Our test car was upholstered with handsome black leather. Black pebble-grain texture on the dash gave things a well-furnished glow. The center stack contained a straightforward nav system and Ford's SYNC, the comprehensive communication network that allows the driver to track storms, place hands-free calls, find a movie start time, locate the cheapest gas in your region, and more. 

    The driver's seat had good lateral support, decent lumbar support, and proper elevation at the cushion's front to inhibit submarining (slipping under the belts) in a head-on impact. A sturdy chrome-trimmed shifter provided a businesslike grip. 

    The steering wheel features cruise-control buttons on the left side of the hub, and audio and media controls on the right. (And these controls were far enough away from the steering function to avoid accidental radio-station changes, as they should be.) The switchgear was neither showy nor cheap, with a straightforward utility appropriate to this car.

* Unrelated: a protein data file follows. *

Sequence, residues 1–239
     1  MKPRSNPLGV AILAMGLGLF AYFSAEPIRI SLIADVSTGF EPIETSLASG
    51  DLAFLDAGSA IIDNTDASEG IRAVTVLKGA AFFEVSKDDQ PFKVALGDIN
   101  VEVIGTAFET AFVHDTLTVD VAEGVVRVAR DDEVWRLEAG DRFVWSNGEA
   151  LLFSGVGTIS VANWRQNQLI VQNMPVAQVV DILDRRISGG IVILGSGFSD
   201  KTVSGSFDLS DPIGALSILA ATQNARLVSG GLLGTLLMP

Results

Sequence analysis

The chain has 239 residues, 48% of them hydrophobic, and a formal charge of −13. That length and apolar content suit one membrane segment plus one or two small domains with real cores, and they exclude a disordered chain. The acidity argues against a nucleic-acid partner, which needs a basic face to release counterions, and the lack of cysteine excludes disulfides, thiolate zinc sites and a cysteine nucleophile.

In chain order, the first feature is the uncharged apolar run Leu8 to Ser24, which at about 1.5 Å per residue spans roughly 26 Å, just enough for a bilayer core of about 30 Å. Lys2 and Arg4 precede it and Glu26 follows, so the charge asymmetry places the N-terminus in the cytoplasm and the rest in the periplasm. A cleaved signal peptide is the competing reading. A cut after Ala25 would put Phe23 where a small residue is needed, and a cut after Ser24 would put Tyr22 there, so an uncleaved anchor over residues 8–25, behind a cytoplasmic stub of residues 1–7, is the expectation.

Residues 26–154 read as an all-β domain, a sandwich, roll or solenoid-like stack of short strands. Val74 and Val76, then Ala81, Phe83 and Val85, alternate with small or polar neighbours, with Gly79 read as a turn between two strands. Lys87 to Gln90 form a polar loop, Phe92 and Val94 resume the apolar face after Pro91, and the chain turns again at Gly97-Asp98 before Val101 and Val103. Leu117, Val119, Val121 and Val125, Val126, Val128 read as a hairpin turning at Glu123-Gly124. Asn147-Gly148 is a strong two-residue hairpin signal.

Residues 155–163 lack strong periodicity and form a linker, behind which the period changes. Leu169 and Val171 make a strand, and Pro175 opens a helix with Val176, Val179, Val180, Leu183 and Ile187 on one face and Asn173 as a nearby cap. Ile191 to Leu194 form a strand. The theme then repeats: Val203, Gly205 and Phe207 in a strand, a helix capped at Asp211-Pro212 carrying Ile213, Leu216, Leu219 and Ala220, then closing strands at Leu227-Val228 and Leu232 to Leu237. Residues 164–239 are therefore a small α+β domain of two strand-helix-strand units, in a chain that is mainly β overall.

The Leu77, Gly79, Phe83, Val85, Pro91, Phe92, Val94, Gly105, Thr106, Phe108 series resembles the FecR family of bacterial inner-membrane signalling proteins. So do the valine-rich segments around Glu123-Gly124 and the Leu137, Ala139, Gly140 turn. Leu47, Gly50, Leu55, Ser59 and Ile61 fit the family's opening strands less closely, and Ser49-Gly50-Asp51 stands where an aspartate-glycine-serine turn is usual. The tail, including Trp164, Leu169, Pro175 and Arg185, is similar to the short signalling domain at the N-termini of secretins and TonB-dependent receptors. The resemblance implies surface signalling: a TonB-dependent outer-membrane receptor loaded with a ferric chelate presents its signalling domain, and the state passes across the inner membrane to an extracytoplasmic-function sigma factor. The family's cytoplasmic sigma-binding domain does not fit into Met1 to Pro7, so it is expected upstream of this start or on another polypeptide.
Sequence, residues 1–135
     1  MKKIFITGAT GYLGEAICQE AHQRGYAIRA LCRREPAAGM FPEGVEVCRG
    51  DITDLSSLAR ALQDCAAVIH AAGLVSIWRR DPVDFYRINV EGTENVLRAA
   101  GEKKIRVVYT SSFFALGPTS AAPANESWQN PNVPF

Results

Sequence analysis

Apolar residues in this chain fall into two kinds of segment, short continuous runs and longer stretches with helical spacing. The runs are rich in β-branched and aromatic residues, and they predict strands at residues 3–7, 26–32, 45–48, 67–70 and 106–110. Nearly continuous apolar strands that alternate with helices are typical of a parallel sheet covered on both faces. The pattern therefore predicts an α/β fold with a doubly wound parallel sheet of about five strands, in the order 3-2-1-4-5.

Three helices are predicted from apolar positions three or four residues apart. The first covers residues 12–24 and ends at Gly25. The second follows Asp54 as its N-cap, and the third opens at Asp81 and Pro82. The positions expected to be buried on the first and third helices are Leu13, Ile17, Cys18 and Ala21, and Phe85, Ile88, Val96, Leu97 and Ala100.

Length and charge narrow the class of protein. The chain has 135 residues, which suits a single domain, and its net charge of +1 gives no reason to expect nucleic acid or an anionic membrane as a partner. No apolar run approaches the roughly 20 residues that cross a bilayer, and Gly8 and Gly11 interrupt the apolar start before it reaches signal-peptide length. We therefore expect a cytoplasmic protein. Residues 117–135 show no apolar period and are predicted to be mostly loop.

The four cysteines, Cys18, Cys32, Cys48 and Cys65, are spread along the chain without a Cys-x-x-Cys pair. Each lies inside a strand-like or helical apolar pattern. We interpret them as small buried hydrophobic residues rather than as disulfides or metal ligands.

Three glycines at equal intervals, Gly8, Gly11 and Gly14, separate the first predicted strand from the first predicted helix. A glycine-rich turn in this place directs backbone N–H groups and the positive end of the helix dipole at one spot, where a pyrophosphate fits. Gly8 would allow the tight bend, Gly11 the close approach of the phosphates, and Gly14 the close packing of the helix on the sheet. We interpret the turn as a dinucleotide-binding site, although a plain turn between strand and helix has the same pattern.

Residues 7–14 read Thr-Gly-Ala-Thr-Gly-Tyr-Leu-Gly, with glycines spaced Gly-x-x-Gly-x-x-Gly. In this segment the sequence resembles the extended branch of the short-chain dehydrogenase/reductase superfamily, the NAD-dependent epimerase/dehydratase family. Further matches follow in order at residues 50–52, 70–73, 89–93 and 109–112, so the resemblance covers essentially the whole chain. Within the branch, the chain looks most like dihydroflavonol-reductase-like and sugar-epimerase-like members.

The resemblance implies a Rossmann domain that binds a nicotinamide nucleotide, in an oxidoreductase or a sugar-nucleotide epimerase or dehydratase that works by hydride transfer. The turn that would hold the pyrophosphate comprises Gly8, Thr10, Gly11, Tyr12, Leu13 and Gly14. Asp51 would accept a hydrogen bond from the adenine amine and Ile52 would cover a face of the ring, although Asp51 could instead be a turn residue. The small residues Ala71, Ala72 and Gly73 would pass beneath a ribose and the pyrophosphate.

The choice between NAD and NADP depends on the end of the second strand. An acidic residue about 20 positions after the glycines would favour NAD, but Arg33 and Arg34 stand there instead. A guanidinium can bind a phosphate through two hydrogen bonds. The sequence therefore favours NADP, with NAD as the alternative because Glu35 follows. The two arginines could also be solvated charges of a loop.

The deluxe Sony audio in our test car provided gorgeous sound, and better still, was adjusted by knobs. We've found the most efficient way to tune a sound system is with a radial knob, particularly when underway and especially on a rough road. 

    The air conditioning, which on the Hybrid is run directly off the battery pack (providing no power-sapping belt drag on the engine), was cool, powerful, all you could ask.